By BosNewsLife Africa Service
ADDIS ABABA, ETHIOPIA (BosNewsLife)– A Christian evangelist remained behind bars in an Ethiopian prison Wednesday, June 26,nearly three months after he was detained on trumped-up charges of “terrorism and treason” because of his Christian faith and activities, rights activists said.
Alemayehu Legese was reportedly arrested in late March in the city of Dodola, some 290 kilometers (180 miles) south of Ethiopia’s capital, Addis Ababa.
He was taken into police custody after admitting to owning literature that “discussed the history of Islam from a Christian perspective,” said advocacy group International Christian Concern (ICC), which closely followed the case.
Legese, a student at Dodola Mekane Yesus Bible School, had dropped the literature off at a copy shop, according to Christians familiar with the situation.
“A Muslim employee subsequently contacted authorities to demand Legese face consequences for violating the widespread cultural belief that Christians, being inferior citizens, are morally insufficient to learn the history of Islam,” ICC told BosNewsLife.
Additionally “Legese was also known for his outwardly evangelistic nature,” the advocacy group said. “It is believed that because of this, as well as the fact that he coordinated faith-based activities for youths at his local church, Legese was made a target for arrest and ultimately arbitrarily detained.”
In court, Legese’s lawyer objected to the charges of both terrorism and treason, and as a result, the court ordered public prosecutors to modify their charges against Legese, trial observers said.
However, “The prosecution has yet to do so. Until the prosecution submits new charges against Legese, he will continue to sit in jail, awaiting charges that may take years to be submitted,” ICC warned.
“I think the evangelist is arrested to discourage other Christians from teaching [the Gospel of Jesus Christ] in the area…” a Christian legal expert said in remarks distributed by ICC.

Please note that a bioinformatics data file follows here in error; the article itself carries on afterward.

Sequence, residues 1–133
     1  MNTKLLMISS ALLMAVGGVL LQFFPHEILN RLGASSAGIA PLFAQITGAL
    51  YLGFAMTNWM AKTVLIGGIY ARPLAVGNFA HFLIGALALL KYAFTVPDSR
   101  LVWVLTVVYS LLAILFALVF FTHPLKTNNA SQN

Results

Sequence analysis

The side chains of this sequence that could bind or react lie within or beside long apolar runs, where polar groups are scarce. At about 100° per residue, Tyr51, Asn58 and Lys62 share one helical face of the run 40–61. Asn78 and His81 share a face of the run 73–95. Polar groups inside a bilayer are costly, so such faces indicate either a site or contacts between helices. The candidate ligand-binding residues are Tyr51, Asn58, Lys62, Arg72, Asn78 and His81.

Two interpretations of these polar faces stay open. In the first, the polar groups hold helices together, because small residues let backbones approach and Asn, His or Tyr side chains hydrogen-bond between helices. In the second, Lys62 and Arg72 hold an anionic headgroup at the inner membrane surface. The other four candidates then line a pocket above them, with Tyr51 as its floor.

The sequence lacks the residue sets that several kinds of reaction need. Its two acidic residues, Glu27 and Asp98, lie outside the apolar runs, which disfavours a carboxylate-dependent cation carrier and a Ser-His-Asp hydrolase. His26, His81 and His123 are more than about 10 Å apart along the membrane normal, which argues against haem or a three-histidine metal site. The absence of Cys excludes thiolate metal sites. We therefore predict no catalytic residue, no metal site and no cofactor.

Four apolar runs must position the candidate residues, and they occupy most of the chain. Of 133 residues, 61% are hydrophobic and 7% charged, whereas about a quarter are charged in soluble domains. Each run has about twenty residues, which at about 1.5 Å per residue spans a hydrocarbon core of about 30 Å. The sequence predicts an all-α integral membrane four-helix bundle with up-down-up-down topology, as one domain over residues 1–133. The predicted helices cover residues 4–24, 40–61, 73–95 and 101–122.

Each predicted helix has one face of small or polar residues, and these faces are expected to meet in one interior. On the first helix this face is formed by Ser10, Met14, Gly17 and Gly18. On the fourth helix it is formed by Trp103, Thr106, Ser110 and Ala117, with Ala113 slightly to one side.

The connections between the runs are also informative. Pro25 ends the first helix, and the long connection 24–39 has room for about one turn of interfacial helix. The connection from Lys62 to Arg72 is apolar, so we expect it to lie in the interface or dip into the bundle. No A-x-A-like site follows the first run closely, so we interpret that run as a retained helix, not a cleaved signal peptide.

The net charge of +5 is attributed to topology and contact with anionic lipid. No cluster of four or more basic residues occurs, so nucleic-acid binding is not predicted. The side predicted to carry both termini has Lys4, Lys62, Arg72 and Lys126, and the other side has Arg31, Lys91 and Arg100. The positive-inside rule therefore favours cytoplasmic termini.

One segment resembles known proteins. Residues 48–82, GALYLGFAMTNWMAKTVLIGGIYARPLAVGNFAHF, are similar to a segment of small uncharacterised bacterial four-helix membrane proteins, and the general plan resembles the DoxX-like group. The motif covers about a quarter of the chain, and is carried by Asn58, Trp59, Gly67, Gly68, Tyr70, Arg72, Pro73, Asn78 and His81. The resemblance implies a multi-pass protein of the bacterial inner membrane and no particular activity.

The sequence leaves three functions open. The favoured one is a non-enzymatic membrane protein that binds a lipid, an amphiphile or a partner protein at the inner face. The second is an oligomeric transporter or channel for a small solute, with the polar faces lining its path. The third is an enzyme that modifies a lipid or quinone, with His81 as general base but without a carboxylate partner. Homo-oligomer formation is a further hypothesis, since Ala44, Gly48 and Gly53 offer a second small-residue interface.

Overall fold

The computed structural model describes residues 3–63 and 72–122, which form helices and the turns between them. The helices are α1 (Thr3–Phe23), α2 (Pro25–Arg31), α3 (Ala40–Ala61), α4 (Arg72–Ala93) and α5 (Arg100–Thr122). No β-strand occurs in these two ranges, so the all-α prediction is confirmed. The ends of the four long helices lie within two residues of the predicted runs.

“All the government officials in the area are Muslims and this has created a big problem [for the Christians],” the expert added, speaking on condition of anonymity amid security concerns.
ICC’s Regional Manager for Africa, William Stark, told BosNewsLife that the detention underscored “growing persecution of [devoted] believers in the Muslim-dominated areas of Ethiopia.”
He warned that the public prosecutor charges against Legese of “terrorism and treason” were “an alarming development, as it indicates the manner in which Islamic radicals have infiltrated the justice system in the country.” ICC said it had urged its American supporters to the Ethiopian Embassy either by phone at (202) 364-1200 or email at firstname.lastname@example.org “to demand the immediate freedom for Legese.”
Ethiopian officials did not comment. It remained unclear whether Prime Minister Hailemariam Desalegn, a Protestant Christian, would intervene. He became acting prime minister in September 2012, ending a period of uncertainty following the death of long-term leader Meles Zenawi, and was to stay in the post till new elections in 2015.
Local Christians have said that despite the political changes, especially evangelical believers have been suffering in the country. Since 1960, the percentage of evangelical believers has grown from 0.8 percent to nearly 20 percent of the country’s roughly 85 million population, according to Operation World, a respected book with prayer information.
Ethiopian Christians have reportedly attributed the growth to a period of fierce persecution under a Marxist regime known as the Dergue. Formed after a 1974 coup that deposed Emperor Haile Selassie,the Dergue was led by Col. Mengistu Haile Mariam, who repressed religious freedom until 1991, when another coup forced his ouster, according to experts.
(BosNewsLife, the first truly independent news agency covering persecuted Christians, is ‘Breaking the News for Compassionate Professionals’ since 2004).
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